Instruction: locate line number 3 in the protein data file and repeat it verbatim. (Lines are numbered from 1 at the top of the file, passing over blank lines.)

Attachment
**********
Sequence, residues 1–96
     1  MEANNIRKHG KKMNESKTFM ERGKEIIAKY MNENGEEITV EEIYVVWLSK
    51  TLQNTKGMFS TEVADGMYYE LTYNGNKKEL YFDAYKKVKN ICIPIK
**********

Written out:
    51  TLQNTKGMFS TEVADGMYYE LTYNGNKKEL YFDAYKKVKN ICIPIK